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Russia planning to block Google, Facebook and Twitter

Russian media watchdog Roskomnadzor has contacted Google, Facebook and Twitter, alerting them on the possibility of future bans, if it does not work with the Russian government on its blogger and censorship Internet laws.

Roskomnadzor claims due to encryption on all three services, alongside not working with the Russian government handing over information, the three companies could lose access to the 35 million and growing Internet users in the country.

Russia’s blogger laws force anyone with over 3,000 readers per day to have their identity verified by an official registration process. Failure to comply will result in a shut down.

The law was enacted a few years ago, following a series of protests against Vladimir Putin’s government. Bloggers online were noted as a key part of the organisation for protest or riot, by telling a large amount of people where and when to meet.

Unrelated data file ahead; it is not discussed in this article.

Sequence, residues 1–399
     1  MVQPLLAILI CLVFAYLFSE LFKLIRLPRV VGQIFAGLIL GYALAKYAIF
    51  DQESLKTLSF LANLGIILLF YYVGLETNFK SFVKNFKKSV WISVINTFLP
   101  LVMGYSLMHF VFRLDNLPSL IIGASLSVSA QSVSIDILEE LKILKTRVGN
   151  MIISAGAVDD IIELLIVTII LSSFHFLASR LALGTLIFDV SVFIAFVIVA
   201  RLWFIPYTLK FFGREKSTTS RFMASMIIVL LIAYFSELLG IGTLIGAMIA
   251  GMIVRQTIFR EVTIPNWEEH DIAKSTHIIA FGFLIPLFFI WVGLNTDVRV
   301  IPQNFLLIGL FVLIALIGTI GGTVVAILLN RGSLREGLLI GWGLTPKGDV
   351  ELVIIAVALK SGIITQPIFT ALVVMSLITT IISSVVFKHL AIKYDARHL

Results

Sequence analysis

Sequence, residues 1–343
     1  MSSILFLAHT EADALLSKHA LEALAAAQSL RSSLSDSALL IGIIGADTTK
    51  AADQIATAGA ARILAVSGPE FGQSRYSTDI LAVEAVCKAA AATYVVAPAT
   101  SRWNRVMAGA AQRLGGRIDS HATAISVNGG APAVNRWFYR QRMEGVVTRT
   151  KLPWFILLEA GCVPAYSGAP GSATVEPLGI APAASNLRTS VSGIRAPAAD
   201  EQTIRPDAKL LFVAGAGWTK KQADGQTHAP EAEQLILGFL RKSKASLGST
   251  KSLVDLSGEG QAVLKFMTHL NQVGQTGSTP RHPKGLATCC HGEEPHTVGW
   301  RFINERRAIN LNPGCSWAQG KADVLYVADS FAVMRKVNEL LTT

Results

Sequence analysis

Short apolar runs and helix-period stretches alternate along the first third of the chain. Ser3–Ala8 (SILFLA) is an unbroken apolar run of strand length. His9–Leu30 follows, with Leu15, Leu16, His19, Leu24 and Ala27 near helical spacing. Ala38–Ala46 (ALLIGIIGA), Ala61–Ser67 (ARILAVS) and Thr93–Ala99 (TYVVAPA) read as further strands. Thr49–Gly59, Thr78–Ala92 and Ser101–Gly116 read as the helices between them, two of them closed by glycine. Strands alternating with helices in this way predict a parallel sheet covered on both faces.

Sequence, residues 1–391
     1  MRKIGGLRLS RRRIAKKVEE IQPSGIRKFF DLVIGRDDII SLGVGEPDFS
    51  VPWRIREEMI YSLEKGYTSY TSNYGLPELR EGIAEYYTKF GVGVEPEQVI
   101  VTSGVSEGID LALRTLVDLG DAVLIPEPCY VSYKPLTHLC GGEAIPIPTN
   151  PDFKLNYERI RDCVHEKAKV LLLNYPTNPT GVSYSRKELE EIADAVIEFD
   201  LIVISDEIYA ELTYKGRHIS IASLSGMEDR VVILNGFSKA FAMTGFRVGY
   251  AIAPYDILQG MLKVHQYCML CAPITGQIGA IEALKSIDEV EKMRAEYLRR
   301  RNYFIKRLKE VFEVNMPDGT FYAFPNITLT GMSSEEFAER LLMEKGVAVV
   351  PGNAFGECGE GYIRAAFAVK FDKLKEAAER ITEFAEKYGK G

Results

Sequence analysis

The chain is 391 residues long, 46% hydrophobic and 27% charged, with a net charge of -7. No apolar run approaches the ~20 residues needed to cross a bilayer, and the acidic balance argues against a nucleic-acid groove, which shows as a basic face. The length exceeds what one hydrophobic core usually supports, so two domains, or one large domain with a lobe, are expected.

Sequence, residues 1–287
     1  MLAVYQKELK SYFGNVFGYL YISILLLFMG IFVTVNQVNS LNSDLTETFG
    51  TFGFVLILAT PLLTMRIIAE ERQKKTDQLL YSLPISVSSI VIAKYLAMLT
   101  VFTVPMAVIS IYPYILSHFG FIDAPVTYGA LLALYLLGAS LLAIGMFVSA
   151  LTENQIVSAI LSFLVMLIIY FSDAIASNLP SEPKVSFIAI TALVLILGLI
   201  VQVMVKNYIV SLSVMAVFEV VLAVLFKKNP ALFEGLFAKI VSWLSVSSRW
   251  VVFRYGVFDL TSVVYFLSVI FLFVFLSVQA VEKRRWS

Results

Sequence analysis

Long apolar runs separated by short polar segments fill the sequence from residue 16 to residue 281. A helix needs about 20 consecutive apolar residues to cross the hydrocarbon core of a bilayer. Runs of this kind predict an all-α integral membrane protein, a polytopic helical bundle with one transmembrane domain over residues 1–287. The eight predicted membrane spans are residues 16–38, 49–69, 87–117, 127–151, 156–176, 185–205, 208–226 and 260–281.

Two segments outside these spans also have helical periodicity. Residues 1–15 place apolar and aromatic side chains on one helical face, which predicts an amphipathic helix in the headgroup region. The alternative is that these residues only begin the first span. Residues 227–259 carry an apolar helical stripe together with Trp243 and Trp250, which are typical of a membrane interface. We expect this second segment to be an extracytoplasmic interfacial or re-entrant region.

The Russian government is also allowed to block websites that go against the government without caution, but Google, Facebook and Twitter all incorporate encryption technology to make one page or site impossible to remove.

Even though the Kremlin has issues policing the Internet, it is investing more time into tools and people to make sure nothing happens without the authorisation of the government.

This is worrying, especially when Russia also has plans to create government-built servers for Internet companies. Any company that hires engineers inside Russia would have to use these servers for Russian people, which the government could monitor more heavily.